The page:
Innovation, 3D, and why decent games writing is still comparatively rare.
Q: Your work is known for its great writing. I know from reading your blog that you're a big fan of The Wire. Do you think we'll ever get to that HBO level of consistently good writing, and what's your feeling about the current standard across the industry?
RG: I think it's not really in a good state. I think most games are not very well written, and I don't really know why that is. It's probably just that the whole industry is still in a fairly young, immature state. I don't know if writing is really appreciated, not only by players but also by reviewers. Occasionally a game will come out that has good writing and people will say "Hey, that was really well written!" - but they don't really notice bad writing. I think that's just where we are, we're a very young industry. As time goes on people will start to appreciate different artistic elements of games, and writing is one of them.
Q: In your keynote at PAX last year you were talking about how it's important that games don't seek to emulate film too much. I know you're not a fan of games which rely too heavily on cutscenes to tell their story. Do you feel that projects like Heavy Rain move too far away from what a game should be?
RG: I think it's very important that games are their own thing artistically, and if people are just saying "I wish I could make movies but I can't, so I'm going to make this game as much like a movie as I can", I don't think that's the right way to go. I think movies will be around for hundreds and hundreds of years because they are what they are, and people are always going to want some form of passive entertainment. But games will be as well. I think they're very different, and I think you have to look at telling stories in games very differently from telling stories in movies. That's one of reasons I don't like cutscenes. Cutscenes tend to take control away from the player, and when people are playing games they like control. That's why I like the dialogue in Monkey Island, and it's why I did the exact same thing in DeathSpank. You can tell a lot of story by letting the player have control of it. They can participate in these conversations that are going on with characters, and they can have a lot of fun and get a lot of humour out of them. Games really are a different art form, and we're just now discovering what that art form is, and how to do it well. And I think that's one of the things that's exciting about the industry right now, figuring all that stuff out.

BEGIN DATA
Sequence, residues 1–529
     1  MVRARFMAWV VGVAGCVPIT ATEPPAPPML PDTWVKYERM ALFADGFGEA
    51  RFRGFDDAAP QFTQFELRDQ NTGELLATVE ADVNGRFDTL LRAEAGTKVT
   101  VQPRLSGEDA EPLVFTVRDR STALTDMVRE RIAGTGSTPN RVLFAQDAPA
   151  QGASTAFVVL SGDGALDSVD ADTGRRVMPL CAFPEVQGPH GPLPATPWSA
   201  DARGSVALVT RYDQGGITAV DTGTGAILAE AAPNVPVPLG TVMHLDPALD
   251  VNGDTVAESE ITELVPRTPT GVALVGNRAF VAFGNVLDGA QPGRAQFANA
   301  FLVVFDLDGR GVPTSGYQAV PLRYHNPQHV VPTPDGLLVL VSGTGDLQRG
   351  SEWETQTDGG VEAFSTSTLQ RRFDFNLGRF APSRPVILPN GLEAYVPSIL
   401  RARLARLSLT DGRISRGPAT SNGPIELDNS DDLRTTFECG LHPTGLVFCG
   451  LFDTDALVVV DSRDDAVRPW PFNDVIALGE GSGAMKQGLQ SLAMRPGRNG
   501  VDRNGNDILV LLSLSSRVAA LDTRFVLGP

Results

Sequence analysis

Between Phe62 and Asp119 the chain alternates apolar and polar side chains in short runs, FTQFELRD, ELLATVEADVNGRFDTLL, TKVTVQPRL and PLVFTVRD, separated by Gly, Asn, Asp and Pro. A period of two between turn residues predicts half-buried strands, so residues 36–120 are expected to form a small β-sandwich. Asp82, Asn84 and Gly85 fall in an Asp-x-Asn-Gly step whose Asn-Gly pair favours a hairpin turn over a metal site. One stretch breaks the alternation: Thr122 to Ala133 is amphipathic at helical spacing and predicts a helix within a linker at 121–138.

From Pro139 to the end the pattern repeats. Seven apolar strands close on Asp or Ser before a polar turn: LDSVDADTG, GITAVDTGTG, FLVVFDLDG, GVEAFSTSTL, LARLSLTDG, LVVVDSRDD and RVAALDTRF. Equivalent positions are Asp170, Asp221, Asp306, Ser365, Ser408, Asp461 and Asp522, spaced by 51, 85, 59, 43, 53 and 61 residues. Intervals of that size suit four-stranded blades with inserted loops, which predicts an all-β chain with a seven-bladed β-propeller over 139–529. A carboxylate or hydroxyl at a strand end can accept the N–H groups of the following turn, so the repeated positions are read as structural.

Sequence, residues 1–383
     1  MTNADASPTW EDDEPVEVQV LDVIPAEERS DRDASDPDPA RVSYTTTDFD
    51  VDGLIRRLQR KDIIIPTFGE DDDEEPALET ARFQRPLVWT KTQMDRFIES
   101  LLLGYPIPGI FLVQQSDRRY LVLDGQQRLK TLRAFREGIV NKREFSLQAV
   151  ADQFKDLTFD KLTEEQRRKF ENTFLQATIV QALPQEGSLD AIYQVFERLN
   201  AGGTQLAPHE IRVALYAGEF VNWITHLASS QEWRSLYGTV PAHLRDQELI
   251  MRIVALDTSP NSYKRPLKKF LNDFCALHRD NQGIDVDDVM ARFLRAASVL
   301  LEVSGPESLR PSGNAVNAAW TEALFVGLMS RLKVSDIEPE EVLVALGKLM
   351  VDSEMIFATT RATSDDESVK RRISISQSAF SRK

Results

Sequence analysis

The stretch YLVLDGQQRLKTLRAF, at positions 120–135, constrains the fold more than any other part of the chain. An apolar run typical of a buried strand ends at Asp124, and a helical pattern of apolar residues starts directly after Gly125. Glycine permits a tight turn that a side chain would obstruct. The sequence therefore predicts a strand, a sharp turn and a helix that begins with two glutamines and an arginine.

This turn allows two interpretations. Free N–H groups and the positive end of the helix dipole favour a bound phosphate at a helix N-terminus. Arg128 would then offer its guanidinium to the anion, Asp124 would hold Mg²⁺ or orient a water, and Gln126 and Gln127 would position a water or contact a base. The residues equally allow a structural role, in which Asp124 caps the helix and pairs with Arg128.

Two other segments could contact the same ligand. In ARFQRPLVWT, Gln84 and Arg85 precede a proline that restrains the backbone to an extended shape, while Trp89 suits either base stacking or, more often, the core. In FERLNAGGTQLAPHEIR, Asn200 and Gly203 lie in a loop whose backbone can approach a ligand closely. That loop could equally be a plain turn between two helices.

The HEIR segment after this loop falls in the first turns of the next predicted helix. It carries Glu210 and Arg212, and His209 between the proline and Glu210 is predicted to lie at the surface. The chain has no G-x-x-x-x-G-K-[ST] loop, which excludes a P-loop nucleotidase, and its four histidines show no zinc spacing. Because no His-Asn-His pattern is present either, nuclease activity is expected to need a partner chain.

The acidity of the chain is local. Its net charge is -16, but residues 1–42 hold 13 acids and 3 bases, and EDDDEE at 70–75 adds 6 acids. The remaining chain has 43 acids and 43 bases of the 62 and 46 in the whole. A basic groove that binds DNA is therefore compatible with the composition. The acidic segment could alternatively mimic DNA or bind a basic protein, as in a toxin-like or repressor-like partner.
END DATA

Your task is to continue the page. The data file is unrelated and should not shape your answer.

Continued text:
Q: You mentioned on your blog that you recently had lunch with Gary Winnick, your co-creator on Maniac Mansion. Is that something you'd like to revisit?
RG: You know, I don't know. It's a good question, and people ask me that a lot. I don't have the same desire to revisit that as I would, say, Monkey Island. I'm not really sure why. It'd be fun to do, but it's not a burning thing inside me.
Q: How about the idea of working with Gary again? Is that something you'd like to do?
RG: Yeah, I love collaborating with people a lot. Gary's a great guy, he's a wonderful artist and he's very, very funny. We kinda bounce stuff around every time we meet, but there's nothing firmed up at the moment.
DeathSpank is due for release on July 13 on PSN and July 14 on Xbox LIVE Arcade.